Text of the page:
The Federal Trade Commission ("FTC") today announced increased reporting thresholds under the Hart-Scott-Rodino Antitrust Improvements Act of 1976, as amended (the "HSR Act").

These reporting thresholds are revised annually based on changes in the US gross national product. The increases will apply to all transactions that close after the effective date, which likely will be in late February or early March (30 days after publication of the changes in the Federal Register). 

Most importantly, the minimum "size-of-transaction" threshold will be raised from US$80.8 million to US$84.4 million. Acquisitions below this threshold will not be reportable. 


2018 adjusted threshold 

Minimum Size-of-Transaction 

$84.4 million 

Size-of-Persons Test 

$16.9 million and $168.8 million 

Size-of-Transaction above which Size-of-Persons Test Does Not Apply 

$337.6 million

The adjustments also apply to certain other HSR Act thresholds and exemptions, such as the exemptions for acquisitions of foreign assets and voting securities.

While the HSR filing fee amounts have not changed in more than a decade, the size-of-transaction thresholds, upon which the filing fee is based, will be increased.  The filing fee for each of the new thresholds will be:

2018 size-of-transaction threshold 

Filing fee 

Value of transaction greater than $84.4 million, but less than $168.8 million 


Value of transaction $168.8 million or greater, but less than $843.9 million 


Value of transaction $843.9 million or greater 


25% of an issuer's voting securities if valued in excess of $1,687.8 million 


50% of an issuer's voting securities if valued at greater than $84.4 million 


Even if a transaction is reportable based on the above thresholds, it may qualify for an HSR Act exemption. Complex rules apply to the valuation and exemptions under the HSR Act and you should consult a lawyer experienced in HSR matters to determine whether a transaction is reportable.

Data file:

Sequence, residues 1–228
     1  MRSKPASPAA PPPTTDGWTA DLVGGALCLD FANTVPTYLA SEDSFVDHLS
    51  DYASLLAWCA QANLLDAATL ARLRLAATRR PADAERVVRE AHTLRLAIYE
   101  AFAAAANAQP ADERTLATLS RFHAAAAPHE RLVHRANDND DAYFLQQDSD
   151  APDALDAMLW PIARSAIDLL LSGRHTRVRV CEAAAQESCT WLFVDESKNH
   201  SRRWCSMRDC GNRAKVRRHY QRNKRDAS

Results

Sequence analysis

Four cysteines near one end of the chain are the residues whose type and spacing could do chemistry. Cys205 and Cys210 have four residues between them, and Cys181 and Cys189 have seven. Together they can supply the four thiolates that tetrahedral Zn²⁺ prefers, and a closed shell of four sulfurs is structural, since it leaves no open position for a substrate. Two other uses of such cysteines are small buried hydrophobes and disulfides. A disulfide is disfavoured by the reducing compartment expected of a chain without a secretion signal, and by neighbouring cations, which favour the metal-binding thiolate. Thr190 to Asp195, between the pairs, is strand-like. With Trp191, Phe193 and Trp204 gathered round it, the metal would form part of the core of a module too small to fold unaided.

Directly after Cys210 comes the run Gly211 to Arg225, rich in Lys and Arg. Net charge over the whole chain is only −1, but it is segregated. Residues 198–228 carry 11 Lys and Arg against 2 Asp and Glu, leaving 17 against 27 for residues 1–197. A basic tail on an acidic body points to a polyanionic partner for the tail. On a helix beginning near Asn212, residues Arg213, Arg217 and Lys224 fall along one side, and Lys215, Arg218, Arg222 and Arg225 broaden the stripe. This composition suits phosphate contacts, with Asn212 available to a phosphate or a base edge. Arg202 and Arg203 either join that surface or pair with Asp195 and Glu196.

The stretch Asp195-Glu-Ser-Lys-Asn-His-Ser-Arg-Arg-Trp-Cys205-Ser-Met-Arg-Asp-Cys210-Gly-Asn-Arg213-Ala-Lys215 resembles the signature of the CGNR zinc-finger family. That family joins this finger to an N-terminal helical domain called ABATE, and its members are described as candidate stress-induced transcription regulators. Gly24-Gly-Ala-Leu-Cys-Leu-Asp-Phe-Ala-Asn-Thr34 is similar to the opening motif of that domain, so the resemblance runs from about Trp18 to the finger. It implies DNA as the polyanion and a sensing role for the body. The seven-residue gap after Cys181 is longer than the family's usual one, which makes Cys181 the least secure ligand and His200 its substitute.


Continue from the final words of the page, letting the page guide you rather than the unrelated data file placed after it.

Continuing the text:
The new thresholds will remain in effect until the next annual adjustment, expected in January or February 2019.

In a related development, the FTC also announced adjustments to the thresholds for interlocking directorates under Section 8 of the Clayton Act, which prohibits a person from serving as a director or officer in two competing corporations. The jurisdictional thresholds under Section 8(a)(1) and 8(a)(2)(A) are revised from US$32,914,000 and US$3,291,400 to US$34,395 and US$3,439,500, respectively. As a result of these adjustments, Section 8 will apply to corporations with capital, surplus, and undivided profits aggregating more than US$34,395,000, unless the competitive sales of either corporation are less than US$3,439,500; the competitive sales of either corporation are less than two percent of that corporation's total sales; or the competitive sales of each corporation are less than four percent of that corporation's total sales. The notice announcing these revisions will be published shortly in the Federal Register and will be effective upon publication.

Increased civil penalties

Finally, The FTC also published this week the annual inflation-adjustments for civil penalty dollar amounts for the 16 provisions of law enforced by the FTC, including violations of the HSR Act. For 2018, the maximum civil penalty amount for violations of the HSR Act has been increased from US$40,654 to US$41,484 per day. Under the newly announced penalty amounts, failing to submit an HSR filing for one year could subject a company to civil penalties of up to US$15.1 million.

How we can help

Norton Rose Fulbright lawyers are well versed in the HSR Act and its reporting requirements and are available to advise parties regarding the reportability of transactions, as well as guide clients through the reporting process and any government investigation that may follow an HSR filing.


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